Terabit Fiber speeds have been shown in lab tests for a good while now, however according to an article over on Engadget; Nokia Bell Labs, Deutsche Telkom T-labs and The Technical University of Munich have successfully demonstrated 1Tbps data throughput in field tests that involve ‘real conditions’ with varying channel conditions and traffic levels.

According to the TUMs press release on this It seems the key to keeping things stable was to use a novel approach to modulation, known as Probabalistic Constellation Shaped (PCS) which modifies the probability with which constellation points – the alphabet of the transmission – are used. Essentially PCS allows for higher amplitude signals to be used less often in favour of signals with a lower amplitude since these show, on average an improved resistance to noise and other factors that can impair transmission. This allows for the transmission rate to fit the transmission channel, delivering upto a 30 % greater reach.

Now, this is all well and good, but what does it mean in terms of your internet connection? Right now, not so much, even in a few years when the technology to do this finally makes it to market you may not see a huge change to your own internet connection, since ultimately this kind of connectivity is aimed more at Tier 1 and Tier 2 ISPs (Tier 1 ISPs are large National or International providers, which directly connect to the internet’s backbone and are often considered to be part of the backbone itself. Tier 2 ISPs purchase their services from Tier 1 ISPs and tend to be regional in nature focusing on business users specifically.) These providers will most likely use 1 Terabit connections for their networking core and to provide connectivity over the internet’s backbone where needed – likely in a bonded scenario.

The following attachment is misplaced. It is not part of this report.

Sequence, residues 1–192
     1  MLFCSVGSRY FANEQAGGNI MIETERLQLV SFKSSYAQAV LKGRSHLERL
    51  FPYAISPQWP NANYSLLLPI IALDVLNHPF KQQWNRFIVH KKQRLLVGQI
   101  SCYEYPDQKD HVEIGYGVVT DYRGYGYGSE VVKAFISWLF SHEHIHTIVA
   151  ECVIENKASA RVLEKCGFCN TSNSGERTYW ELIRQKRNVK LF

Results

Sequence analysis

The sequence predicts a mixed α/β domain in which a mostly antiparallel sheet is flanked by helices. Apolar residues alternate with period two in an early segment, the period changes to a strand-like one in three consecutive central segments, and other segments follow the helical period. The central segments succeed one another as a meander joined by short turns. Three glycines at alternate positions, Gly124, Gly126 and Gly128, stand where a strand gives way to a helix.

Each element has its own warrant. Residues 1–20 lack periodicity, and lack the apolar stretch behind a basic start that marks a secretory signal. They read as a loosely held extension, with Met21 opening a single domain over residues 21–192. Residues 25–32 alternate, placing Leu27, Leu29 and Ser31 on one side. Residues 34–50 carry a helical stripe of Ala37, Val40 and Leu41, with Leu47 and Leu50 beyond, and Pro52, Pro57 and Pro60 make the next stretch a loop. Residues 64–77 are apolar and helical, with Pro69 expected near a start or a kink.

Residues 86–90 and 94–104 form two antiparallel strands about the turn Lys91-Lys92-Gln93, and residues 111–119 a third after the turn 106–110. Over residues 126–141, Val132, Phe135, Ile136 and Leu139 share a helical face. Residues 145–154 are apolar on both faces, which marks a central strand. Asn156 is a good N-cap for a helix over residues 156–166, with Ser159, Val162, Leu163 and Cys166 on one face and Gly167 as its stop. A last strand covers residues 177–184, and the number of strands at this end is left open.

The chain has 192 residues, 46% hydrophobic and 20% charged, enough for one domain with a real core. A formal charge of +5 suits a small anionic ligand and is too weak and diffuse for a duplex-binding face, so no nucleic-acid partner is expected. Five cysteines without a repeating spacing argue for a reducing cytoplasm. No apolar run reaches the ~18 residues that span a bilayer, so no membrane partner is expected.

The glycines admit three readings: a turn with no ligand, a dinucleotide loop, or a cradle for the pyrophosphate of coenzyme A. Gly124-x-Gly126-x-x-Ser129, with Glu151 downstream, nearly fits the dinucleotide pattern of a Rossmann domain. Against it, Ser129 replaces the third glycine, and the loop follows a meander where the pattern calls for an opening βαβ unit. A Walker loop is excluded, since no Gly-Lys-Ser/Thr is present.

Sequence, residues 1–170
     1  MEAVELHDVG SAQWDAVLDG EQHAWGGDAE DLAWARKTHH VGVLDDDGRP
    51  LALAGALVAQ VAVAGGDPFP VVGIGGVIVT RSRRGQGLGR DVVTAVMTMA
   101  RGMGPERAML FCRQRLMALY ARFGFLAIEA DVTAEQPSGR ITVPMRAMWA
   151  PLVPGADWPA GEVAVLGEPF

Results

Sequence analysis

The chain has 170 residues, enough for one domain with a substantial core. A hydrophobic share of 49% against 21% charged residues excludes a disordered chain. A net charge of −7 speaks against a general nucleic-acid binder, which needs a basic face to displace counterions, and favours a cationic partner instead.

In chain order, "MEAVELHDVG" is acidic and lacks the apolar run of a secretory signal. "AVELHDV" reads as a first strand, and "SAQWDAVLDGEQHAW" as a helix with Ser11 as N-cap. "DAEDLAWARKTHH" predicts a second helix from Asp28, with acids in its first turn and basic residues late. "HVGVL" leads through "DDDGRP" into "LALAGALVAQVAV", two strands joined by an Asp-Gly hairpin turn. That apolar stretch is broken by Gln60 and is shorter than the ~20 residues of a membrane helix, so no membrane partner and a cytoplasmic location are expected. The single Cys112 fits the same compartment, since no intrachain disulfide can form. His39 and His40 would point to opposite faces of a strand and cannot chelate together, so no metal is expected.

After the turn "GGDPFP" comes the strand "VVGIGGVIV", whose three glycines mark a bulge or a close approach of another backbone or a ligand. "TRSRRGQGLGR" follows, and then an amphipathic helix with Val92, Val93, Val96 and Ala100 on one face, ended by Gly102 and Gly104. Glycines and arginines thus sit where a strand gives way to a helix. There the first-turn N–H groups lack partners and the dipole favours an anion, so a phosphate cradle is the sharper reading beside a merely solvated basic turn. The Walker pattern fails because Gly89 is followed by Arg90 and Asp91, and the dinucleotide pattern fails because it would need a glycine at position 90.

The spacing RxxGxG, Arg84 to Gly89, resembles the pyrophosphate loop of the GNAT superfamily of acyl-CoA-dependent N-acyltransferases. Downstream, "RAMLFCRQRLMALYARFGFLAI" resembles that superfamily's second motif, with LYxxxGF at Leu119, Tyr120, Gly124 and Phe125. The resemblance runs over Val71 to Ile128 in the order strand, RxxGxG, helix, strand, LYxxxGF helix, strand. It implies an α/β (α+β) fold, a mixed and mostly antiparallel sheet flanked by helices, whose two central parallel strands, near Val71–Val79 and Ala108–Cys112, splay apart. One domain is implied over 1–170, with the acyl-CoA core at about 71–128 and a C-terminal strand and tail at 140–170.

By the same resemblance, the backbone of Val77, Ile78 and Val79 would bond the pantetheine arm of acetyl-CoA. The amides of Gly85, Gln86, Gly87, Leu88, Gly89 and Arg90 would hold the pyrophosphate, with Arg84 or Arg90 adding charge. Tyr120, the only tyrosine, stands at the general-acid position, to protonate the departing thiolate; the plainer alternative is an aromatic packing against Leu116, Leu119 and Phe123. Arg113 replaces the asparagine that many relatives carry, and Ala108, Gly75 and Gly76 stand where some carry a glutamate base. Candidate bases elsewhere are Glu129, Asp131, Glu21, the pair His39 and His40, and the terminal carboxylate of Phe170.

What this does potentially mean for residential and smaller business users however is the potential for increased network capacity further into an ISPs network, meaning eventually an ISPs internal infrastructure will be more than capable of having their entire customer base on GigE connections with minimal congestion occurring, of course Gigabit connectivity to the premises is still very much in its infancy at the moment in most of the world, so by the time Terabit Fiber hits the market ISPs may only just be starting to catch upto the need to have such high capacity core networks.

Ultimately while this is exciting stuff, it’s not necessarily exciting for the reasons most people would like.